Key Stats: Fancy.com on Wefunder
Number of Investors
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The Fancy.com team has been selected as an “Underweighted Deal” by KingsCrowd. If you have questions regarding our deal diligence and selection methodology, please reach out to email@example.com.
Product discovery is an essential problem faced by nearly every consumer product business today. In this unprecedented period of consumer choice, direct-to-consumer brands struggle to spread the word about their products.
Paid advertisements on social media are the dominant method of modern marketing. However, they don’t work for many business owners: 62% say that Facebook ads are ineffective for their business. These issues are compounded by recent Facebook scandals that have caused many major advertisers to boycott the platform.
Focusing on Amazon sales is also not a viable solution for many companies. It’s extremely difficult to game the Amazon algorithm to promote new products. This has become particularly true due to recent algorithm changes that promote Amazon’s own products instead of sellers’.
Sellers and consumers alike could benefit from a centralized marketplace for interesting product discovery. Consumers are hungry for a more bespoke shopping experience that prioritizes efficient resource spending.
Fancy.com is an e-commerce marketplace that serves as a third-party provider of “interesting” products in areas like home decor and gadgets. Consumers can browse Fancy.com to find the latest curiosities, some endorsed by leading celebrities and influencers. Sellers can list products on Fancy’s backend e-commerce platform to gain access to over 900,000 monthly active users.
Fancy was founded in 2010 as a first-party merchant that stocked inventory of other manufacturers’ interesting goods and sold them to consumers directly. Despite raising a tremendous amount of venture capital investment (over $100 million), Fancy faced a number of difficulties. The company chose to make a significant pivot and become a third-party marketplace. Fancy now focuses on providing e-commerce solutions to sellers in addition to a fresh consumer product discovery experience.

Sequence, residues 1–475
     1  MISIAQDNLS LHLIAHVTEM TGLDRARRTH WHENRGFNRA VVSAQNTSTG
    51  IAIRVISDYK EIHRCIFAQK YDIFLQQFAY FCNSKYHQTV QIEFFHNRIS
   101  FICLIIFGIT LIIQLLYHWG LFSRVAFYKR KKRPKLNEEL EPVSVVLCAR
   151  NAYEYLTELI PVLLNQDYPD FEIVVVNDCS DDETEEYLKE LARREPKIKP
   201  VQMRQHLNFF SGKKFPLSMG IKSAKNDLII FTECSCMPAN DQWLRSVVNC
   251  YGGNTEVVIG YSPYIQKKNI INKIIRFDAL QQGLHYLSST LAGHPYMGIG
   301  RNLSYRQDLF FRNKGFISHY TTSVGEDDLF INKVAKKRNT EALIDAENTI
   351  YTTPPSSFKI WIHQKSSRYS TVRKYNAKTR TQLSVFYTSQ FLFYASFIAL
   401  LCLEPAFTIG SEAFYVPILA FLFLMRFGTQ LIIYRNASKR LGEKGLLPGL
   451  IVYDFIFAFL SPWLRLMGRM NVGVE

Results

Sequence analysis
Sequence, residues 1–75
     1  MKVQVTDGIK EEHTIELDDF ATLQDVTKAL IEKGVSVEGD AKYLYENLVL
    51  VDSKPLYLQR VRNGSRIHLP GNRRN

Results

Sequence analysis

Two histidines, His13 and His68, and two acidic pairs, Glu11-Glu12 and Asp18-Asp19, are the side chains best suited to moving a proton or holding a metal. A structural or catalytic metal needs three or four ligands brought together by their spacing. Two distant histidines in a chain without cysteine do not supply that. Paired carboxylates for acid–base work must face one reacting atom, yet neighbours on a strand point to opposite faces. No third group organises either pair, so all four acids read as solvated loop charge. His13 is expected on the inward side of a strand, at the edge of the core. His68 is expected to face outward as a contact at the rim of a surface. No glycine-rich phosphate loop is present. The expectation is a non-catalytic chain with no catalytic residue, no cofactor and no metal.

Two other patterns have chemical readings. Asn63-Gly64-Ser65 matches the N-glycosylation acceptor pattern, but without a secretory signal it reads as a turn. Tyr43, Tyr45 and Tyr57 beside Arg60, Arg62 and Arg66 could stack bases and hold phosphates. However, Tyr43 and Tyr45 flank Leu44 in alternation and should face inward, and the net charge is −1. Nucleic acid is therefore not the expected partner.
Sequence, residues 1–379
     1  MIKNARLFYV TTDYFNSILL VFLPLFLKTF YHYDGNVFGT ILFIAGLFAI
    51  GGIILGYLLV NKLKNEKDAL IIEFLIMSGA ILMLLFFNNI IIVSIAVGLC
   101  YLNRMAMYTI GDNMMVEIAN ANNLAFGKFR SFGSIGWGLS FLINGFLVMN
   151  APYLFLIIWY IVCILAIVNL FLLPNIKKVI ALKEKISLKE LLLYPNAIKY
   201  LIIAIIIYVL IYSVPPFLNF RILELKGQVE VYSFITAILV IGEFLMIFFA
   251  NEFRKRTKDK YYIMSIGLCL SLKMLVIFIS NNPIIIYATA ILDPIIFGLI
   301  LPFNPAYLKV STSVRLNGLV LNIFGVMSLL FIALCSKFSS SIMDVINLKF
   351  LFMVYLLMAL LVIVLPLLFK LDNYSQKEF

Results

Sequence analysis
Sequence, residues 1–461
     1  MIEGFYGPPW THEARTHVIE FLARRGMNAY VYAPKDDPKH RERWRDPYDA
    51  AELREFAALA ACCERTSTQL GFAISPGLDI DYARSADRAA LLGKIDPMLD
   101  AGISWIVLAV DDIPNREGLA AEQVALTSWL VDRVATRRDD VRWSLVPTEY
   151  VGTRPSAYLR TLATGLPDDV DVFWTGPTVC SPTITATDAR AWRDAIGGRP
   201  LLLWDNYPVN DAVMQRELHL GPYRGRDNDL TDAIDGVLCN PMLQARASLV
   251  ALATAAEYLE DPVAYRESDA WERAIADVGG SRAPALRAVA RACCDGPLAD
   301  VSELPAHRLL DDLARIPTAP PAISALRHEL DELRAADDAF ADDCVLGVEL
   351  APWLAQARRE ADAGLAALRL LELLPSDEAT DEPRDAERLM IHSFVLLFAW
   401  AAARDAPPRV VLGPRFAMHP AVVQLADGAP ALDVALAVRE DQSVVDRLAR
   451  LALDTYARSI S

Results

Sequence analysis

Fancy has hosted over 2 million transactions across 120 countries in the last ten years. Over 12 million user accounts have been created on the site. The company has established partner relationships with over 800 brands and has forged partnerships with cultural icons like Kanye West.
Fancy generates revenue through three primary streams: transaction fees, license fees for white-labeled technology, and “media solutions.” The bulk of Fancy’s revenue appears to come from transaction fees, up to 40% of the value of each order processed through the platform.
Fancy was originally founded by Joe Einhorn, an entrepreneur with A-list connections to top investors and celebrities. After Fancy encountered challenges and restructured its leadership team, turnaround CEO Greg Spillane took over the reins of the business. Spillane is a senior startup executive with 20 years of experience in entrepreneurship, business development, and operations. He formerly served as the COO of Granicus and later Events.com.
Fancy describes its upcoming priorities as fourfold. First, the company wants to invest in building the Fancy brand via additional marketing and data projects (though not stated directly, this priority may be tied to the company’s recent struggles and need to reestablish itself). Second, Fancy plans to improve unit economics by increasing the average order value of customers’ transactions. Third, Fancy is focused on new customer acquisition around the world, with a particular focus on the U.S. and Middle East. Finally, Fancy plans to grow its base of boutique and artisan sellers to expand and diversify the products available on Fancy.com. The largest portion of capital raised is intended to fund the third category, new customer acquisition.